On Engagement and Authority

Since it’s early beginnings, there has been much talk about Twitter’s place in the online media landscape. Questions have been raised over whether it will take over from blogging or if it will become just another messaging service. I think it is important to look at what they both provide to give us a brief glimpse into the future.

Twitter’s beauty lies in it’s simplicity. Friends are easy to come by, do a quick search on a topic you are interested in, find some people that are talking about that topic, follow them and then start the conversation. As time passes and the conversation continues these relationships which started as very tenuous “follows” can blossom in to something more. That is so long as you spend the time actually conversing, rather than spamming them with “Get 200 followers easily” or “I’ve just started playing this cool spy game”.

The barrier to entry to this style of interaction is so low, it is conceivable that you can maintain 200-500 of this style of relationship and as time goes on your followers will grow and the attention each tweet you send will grow. This power to influence a number of people through weight of conversation is engagement. You can engage a huge number of followers in conversation and they will click on your links and retweet you, so long as what you are saying is good.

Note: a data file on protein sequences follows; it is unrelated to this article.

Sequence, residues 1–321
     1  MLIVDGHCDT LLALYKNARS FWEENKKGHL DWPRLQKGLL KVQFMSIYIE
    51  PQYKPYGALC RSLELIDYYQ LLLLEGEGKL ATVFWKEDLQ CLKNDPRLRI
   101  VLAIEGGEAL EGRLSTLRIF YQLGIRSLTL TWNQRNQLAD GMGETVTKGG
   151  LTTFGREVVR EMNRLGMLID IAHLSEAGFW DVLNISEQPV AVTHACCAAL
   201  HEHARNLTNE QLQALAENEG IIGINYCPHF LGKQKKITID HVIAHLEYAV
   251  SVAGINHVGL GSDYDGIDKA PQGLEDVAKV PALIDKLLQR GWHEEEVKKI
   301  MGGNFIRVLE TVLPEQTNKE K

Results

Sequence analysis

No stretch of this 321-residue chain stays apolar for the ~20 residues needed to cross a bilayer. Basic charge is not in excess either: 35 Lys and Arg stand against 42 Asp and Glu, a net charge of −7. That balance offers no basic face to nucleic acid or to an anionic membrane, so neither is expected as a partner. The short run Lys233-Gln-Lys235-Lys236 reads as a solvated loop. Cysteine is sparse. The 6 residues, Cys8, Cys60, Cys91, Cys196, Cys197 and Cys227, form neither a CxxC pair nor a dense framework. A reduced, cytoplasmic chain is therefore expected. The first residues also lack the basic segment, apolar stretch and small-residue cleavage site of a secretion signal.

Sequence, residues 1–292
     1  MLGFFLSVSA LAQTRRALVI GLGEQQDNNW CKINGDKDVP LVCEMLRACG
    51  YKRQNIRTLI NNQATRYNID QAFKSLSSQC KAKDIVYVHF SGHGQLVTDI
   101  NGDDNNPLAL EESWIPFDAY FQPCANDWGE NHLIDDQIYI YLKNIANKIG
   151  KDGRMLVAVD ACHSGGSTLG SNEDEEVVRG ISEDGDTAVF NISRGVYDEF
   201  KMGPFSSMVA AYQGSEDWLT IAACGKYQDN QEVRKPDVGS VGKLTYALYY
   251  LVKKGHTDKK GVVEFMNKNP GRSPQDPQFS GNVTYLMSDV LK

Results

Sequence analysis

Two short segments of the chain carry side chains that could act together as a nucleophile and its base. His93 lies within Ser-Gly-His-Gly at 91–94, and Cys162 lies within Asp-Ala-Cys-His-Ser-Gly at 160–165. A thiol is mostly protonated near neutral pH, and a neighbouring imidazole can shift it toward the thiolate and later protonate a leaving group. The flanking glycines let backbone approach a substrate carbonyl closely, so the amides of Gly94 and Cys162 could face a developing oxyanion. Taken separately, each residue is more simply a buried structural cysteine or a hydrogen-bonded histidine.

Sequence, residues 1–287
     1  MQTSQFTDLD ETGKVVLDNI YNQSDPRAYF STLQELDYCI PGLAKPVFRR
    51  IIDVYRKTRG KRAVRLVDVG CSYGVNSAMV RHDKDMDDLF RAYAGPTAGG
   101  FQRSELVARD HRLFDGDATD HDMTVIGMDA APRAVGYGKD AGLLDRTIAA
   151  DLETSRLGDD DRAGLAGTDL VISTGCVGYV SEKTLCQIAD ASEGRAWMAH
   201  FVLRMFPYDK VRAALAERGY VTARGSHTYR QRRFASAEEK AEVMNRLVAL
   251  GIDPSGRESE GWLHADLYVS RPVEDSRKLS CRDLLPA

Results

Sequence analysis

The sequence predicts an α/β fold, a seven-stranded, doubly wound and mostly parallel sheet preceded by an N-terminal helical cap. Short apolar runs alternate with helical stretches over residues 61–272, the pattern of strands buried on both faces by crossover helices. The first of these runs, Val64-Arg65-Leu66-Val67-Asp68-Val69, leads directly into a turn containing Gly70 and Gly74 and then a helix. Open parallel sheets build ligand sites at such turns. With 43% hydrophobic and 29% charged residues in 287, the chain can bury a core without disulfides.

On the other hand building relationships with blogs is hard. Promoting your finely crafted blogpost to like minded people (presumably bloggers) requires sourcing email addresses and then sending a friendly pointer, or leaving a comment on a number of similar blog posts suggesting they read your post. Neither of these options is particularly good, it makes you feel a bit like a spammer and I’m yet to believe that this method really ends up in an ongoing readership. Basically, blogging lacks what Twitter has in spades. Engagement.

Where it lacks this ability to quickly reach and build a large readership it makes up with being able to say something worthwhile. 140 characters is an extremely short space to write 2 sentences, let alone pose a question and make a compelling argument. This is core of any long form writing, but doesn’t have any sort of comparison in the shorter form of microblogging.

The ability to develop and produce a convincing argument is what writers (and bloggers) apart. This then draws inbound links, that post will then rise up the Google rankings becoming the definitive article for that topic. Much like Wikipedia holds the top spot for so many search term. This propensity to become the definitive resource for a topic is authority.